Trumka declined to reveal a dollar amount for how much his organization will spend over the next two months, offering only that he predicts that the group will be outspent by organizations such as the U.S. Chamber of Commerce, which has spent $2.6 million on races this cycle.
He noted that the AFL-CIO will play in more than 400 elections this cycle, including 70 House races as well as state legislative races. Among the union's 26 targeted states, Trumka mentioned California, Illinois, Nevada, Ohio and Pennsylvania as top priorities.
3. Independent candidate Bud Chiles has ended his campaign for Florida governor and will be endorsing state Chief Financial Officer Alex Sink (D).
"I need to be able to look people in the face and really believe in my heart that this was a campaign I could win and really be viable," Chiles told the St. Petersburg Times. "I just got to the point where it was difficult for me to do that."
The Times reported that Chiles, who is the son of former Democratic Gov. Lawton Chiles, will announce his support for Sink in a press conference Thursday in Tallahassee.
Chiles didn't get much traction in the campaign, but his family name helped him to poll in the teens in early polling. A Quinnipiac poll this month showed Chiles taking 12 percent of the vote, including 13 percent of Democrats and 7 percent of Republicans.
Things have been looking up for Sink in the governor's race of late. She got a break last week when former health care executive Rick Scott beat the establishment favorite, state Attorney General Bill McCollum, in the GOP primary.
4. Voters in Florida will soon be hearing the voice of Gov. Charlie Crist (I) on the airwaves -- brought to them courtesy of Crist's Senate rival, Rep. Kendrick Meek (D).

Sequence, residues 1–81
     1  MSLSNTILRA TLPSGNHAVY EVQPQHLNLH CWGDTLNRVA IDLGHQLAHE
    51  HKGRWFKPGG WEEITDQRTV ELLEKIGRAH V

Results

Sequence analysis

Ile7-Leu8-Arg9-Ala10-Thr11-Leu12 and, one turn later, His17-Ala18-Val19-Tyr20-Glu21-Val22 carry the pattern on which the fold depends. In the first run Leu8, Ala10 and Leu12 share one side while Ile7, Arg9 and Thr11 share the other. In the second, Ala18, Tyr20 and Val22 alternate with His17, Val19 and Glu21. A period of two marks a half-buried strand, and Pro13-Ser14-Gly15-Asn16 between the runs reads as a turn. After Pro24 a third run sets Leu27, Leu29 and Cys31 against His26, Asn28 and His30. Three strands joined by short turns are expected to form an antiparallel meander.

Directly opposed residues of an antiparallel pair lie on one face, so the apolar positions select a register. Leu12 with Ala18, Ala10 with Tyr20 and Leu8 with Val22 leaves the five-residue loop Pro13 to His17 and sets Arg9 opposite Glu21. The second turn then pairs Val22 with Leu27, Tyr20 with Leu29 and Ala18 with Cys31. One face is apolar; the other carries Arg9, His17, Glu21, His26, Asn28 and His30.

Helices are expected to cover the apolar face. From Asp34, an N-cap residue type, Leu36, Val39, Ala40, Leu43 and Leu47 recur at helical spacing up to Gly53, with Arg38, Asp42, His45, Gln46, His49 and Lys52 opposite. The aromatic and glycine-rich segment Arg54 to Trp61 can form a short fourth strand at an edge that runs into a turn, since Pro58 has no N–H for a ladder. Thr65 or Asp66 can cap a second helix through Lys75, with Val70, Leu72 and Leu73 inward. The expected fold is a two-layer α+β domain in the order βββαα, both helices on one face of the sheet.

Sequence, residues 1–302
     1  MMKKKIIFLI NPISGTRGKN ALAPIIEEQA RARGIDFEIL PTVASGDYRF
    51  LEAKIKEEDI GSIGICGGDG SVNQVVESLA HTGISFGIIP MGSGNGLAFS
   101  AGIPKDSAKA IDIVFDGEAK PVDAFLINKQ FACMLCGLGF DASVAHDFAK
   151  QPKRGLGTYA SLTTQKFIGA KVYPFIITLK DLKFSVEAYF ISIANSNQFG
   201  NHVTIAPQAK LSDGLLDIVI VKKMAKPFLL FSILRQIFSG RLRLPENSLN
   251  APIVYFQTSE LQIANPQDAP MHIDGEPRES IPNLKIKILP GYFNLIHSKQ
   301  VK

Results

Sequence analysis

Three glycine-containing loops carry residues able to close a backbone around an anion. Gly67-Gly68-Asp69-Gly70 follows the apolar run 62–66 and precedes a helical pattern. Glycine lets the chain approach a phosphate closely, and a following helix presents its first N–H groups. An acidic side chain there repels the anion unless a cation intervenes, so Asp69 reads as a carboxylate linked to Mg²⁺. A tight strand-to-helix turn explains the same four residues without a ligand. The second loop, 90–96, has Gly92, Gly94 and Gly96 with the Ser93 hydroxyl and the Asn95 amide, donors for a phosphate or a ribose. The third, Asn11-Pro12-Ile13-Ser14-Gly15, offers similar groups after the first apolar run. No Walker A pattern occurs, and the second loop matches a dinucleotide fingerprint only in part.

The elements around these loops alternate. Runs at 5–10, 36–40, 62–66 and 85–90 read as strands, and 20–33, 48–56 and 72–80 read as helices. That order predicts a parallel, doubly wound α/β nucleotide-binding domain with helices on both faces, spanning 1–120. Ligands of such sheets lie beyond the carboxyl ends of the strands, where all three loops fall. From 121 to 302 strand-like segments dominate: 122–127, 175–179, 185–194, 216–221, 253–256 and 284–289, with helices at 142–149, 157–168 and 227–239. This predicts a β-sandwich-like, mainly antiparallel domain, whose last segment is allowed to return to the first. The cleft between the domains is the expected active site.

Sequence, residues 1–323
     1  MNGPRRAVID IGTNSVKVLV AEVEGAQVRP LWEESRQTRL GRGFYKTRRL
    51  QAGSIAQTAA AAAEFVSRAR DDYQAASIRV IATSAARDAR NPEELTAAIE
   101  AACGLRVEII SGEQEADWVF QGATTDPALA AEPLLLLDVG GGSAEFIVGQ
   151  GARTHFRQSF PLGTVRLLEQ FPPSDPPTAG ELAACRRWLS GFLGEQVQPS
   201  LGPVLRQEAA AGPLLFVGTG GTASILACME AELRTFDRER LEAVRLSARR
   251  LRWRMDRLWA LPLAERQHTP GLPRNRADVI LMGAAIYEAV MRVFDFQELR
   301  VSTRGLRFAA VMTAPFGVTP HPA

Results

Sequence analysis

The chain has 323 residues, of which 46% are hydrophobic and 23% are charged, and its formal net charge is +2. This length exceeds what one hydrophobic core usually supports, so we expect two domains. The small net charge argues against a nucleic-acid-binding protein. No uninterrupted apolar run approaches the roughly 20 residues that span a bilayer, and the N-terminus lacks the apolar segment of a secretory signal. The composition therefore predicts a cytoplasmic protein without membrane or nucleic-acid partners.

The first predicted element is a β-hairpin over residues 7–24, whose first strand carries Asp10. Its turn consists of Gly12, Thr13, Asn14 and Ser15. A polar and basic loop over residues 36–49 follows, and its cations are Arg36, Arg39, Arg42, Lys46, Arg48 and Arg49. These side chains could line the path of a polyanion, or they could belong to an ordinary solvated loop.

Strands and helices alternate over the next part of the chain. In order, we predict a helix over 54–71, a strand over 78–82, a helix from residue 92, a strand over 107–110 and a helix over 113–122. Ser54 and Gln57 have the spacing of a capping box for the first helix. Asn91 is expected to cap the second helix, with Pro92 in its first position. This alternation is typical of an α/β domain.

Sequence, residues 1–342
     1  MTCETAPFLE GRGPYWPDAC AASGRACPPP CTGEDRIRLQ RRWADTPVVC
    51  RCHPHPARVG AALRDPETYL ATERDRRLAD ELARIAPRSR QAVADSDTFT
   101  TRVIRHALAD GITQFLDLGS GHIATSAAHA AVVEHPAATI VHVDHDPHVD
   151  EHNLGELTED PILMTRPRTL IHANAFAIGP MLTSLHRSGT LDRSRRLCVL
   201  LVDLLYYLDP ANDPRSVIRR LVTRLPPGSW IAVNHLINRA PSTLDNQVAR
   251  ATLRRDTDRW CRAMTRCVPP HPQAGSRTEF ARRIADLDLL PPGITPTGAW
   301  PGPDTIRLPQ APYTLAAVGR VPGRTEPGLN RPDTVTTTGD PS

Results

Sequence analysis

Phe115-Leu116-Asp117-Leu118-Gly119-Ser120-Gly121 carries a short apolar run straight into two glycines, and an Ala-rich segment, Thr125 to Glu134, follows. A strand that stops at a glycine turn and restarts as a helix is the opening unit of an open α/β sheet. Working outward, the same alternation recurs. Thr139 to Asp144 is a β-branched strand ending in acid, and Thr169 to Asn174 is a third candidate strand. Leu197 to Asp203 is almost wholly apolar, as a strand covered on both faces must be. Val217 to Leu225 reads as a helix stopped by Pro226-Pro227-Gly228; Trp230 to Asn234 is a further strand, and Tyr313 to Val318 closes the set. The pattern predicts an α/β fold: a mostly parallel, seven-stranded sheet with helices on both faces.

Meek is going up with his first radio ad against Crist in the three-way Senate race, which also features Republican Marco Rubio.
"Home is where the heart is. And for Charlie Crist, home is with the GOP," the narrator of the 60-second spot says. The ad goes on to feature audio of Crist calling himself a "Jeb Bush Republican" and praising national Republicans including former Alaska Gov. Sarah Palin, Sen. John McCain (R-Ariz.) and former President George W. Bush.
"Don't be fooled. If Charlie Crist gets to Washington, his heart will lead him right back to where he belongs," the narrator concludes.
Meek is vying with Crist for the votes of Democrats and, so far, he's on the losing end. Crist has sent signals -- subtle and not-so-subtle -- that he would caucus with Democrats if elected this fall and, as a result, national party leaders are loathe to wade into the race on Meek's behalf.
Meanwhile, the National Republican Senatorial Committee has announced that it's committing $2.5 million to Rubio's bid - a hefty sum that's likely to up the pressure on Democrats to make a financial commitment to the contest.
5. Delaware Rep. Mike Castle is going on the air in his Republican Senate primary against tea party candidate Christine O'Donnell.
Castle, a centrist former governor, has gone up with a $113,000 ad buy in the Salisbury, Md., media market for the week of Aug. 31 to Sept. 6. The Delaware GOP Senate primary is set for Sept. 14.
O'Donnell recently got a boost in the form of a six-figure commitment from the Tea Party Express, and tea party activists seem to be eyeing up Castle as the next scalp in their increasing list of establishment candidates to lose in primaries.
The under-funded O'Donnell was the party's 2008 Senate nominee, losing badly to then-Sen.
Tom Carper Joe Biden (D-Del.).
Democrats believe O'Donnell's insurgent candidacy boosts their chances of defeating Castle in November though she remains a long shot to defeat the popular longtime office-holder in the primary.
Waiting in the general election is New Castle County Executive Chris Coons (D). The seat is being vacated by appointed Sen. Ted Kaufman (D).
With Felicia Sonmez and Aaron Blake
| September 2, 2010; 8:08 AM ET
Categories: Morning Fix